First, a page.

By Priya Vasudevan
The intriguing Story of Libraries……. – a book review
“What is your relationship with Books?”, is a question that a book lover mulls over at least once in a lifetime. If you are reflecting an answer to this question – I am sure you are a book lover and interestingly perhaps you will struggle to find one satisfactory answer. My relationship with books was often defined by the phase of life, I was in – adventurous, romantic, support to livelihood, artistic or mysterious. My home library has over 300 books and how each of them came to me is a poignant memory and a story in itself. Thus, it was with great anticipation that I ordered ‘Spaceship to the Universe – the Story of Libraries’ by Shruthi Rao and Anuradha Jagalur, on the recommendation of a friend.
The authors hold forth a compelling narrative on the codification of culture, knowledge and human experiences i.e. books through a historical, geographic and anthropological perspective. It includes the evolution of the content of libraries – books in the form of clay tablets, bark/palm leaves, then animal skin parchment, to the modern day papyrus (paper) and now the digitised version.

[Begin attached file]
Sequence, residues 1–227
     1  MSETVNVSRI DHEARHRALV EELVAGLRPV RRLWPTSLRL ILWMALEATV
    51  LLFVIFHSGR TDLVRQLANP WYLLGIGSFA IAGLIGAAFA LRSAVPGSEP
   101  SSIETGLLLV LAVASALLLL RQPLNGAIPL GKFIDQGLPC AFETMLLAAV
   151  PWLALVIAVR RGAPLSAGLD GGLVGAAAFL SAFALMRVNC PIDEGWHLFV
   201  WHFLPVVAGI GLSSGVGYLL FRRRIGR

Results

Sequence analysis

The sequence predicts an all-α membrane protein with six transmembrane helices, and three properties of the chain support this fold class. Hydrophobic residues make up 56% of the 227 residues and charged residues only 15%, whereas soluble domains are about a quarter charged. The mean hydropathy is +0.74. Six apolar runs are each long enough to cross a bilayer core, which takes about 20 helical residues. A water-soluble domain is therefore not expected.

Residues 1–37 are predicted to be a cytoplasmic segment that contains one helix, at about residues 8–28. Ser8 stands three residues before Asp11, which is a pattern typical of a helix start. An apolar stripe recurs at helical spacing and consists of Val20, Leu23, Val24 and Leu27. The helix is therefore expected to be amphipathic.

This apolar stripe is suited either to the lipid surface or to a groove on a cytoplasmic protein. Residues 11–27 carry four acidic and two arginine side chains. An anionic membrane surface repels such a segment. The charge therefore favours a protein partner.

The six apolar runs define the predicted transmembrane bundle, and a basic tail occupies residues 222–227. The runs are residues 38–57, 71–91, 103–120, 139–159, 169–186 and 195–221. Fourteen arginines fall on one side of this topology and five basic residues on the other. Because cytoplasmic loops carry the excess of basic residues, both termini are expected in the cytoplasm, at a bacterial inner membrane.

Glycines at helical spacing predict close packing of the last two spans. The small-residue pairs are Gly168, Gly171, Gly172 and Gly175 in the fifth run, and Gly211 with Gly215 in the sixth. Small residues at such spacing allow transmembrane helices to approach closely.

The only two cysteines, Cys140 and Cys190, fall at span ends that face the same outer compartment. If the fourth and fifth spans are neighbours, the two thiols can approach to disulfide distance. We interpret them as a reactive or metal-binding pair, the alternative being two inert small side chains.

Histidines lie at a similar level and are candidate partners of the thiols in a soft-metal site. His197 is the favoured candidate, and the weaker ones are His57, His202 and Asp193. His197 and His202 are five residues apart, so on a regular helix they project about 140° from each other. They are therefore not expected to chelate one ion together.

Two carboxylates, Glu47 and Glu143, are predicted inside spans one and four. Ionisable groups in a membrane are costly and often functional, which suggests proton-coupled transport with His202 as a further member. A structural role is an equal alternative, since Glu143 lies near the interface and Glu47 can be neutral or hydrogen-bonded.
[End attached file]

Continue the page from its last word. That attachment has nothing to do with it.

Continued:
It was interesting to know about some libraries being elevated to a ‘legal deposit’ status – which means every publisher has to send a copy of their published book to these libraries as a repository – a clever way of building the library.
The authors position Libraries as so much more than a collection of books – ‘it is a symbol of society a representation of its culture, history, collective memory and pride. Libraries are symbols of the power of the written word and its ability to inspire people to rally or resist’. The ancient libraries of Takshashila and Nalanda stood out for me and also the painful fact that over 90 lakh manuscripts were burnt by Khilji and his marauding army at Nalanda library. Legend has it that the manuscripts burnt for over 3 months – taking away enormous knowledge on grammar, logic, astronomy, medicine and literature of ancient India.
The authors quickly move on to the not so distant past – of how Libraries lived through strife and adversity. The creative ways in which school girls kept alive their library in perhaps the most trouble spot on the planet – the Gaza strip, heartening stories of the Streetside libraries of Philippines where the free stack of books don’t get stolen (inspite of poverty), and how even today books reach the remotest part of Central America and Africa through boat and donkey libraries not to miss the camel libraries of Mongolia.
What stayed with me however was the valour of book lovers and committed librarians who risked their lives, dodged snipers to hide and save their books, persevering so that the books and the world they contained are preserved for future generations.
Would recommend this book to book lovers and children whom we want to introduce to the world of books.
Priya Vasudevan is passionate about Organisations, Women empowerment and Communities Priya Vasudevan – (the author can be reached at her twitter handle @uniquepv)